Lord Of The Flies And The Good Wolf Analysis

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The Ojibwa Parable is a myth describing the existence of two “wolves” that govern our body: the Good one and Evil one. In the novel Lord of the Flies by William Golding, a group of boys is stranded on a deserted island due to a plane crash. With no adults to guide them, the boys display multitude traits of the wolves. Through their countless actions and difficult situations, Ralph is characterized as a Good wolf and Jack is seen as the Evil. Ralph’s display of intellect and leadership, as well as the ability to maintain order, deem him as the Good wolf. Ralph presents the idea of building a signal for potential rescuers and sets rules: “if we have a signal going they’ll come and take us off. And another thing. We ought to have more rules. Where the conch is, that’s a meeting. The same up here as…show more content…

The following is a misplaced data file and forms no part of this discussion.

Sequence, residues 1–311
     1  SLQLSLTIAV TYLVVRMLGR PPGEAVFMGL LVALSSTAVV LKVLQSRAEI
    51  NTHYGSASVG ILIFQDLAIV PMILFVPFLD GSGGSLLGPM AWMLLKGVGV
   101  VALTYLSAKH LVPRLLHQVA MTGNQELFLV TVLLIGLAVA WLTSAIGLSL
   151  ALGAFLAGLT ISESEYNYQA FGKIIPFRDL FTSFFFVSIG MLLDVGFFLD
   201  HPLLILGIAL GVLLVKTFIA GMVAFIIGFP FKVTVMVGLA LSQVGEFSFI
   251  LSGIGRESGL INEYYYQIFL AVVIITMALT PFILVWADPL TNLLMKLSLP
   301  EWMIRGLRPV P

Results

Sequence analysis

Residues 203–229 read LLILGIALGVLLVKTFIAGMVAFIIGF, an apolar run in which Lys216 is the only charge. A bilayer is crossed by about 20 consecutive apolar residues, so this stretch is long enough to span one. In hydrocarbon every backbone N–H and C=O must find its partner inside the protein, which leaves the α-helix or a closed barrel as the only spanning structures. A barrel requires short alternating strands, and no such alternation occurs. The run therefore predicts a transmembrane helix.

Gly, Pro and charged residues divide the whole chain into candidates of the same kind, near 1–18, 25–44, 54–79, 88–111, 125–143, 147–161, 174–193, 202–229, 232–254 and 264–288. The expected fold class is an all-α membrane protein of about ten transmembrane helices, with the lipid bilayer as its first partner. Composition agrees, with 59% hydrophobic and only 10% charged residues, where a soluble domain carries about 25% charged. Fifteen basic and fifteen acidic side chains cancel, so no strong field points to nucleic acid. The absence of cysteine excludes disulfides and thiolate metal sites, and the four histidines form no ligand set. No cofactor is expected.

Ralph is an embodiment of civilization and organization. The strong leadership ability that Ralph possesses unites the group and allows it to function without flaw. He suggests simple rules which the group can process easily to ensure the order of the group. He does not show superiority over anyone and treats everyone equally, regardless of their character. Ralph also shows intellectual ability by suggesting the signal fire. The signal fire is critical for getting rescued, and Ralph realizes that the best chance of getting help is through the fire. The determination to get rescued from the island is not only for himself but for everyone. Ralph is attentive to everyone’s needs which support his nature of generosity. While many are busy worrying about themselves, Ralph is more concerned about the general well-being and presents them confidence. Ralph is also recognized as the Good wolf due to his efforts to make the group a democracy. He advocates for a civilized way of running an assembly: “We can’t have everybody talking at once. We’ll have to have ‘Hands up’ like at school” (33). Ralph wants to
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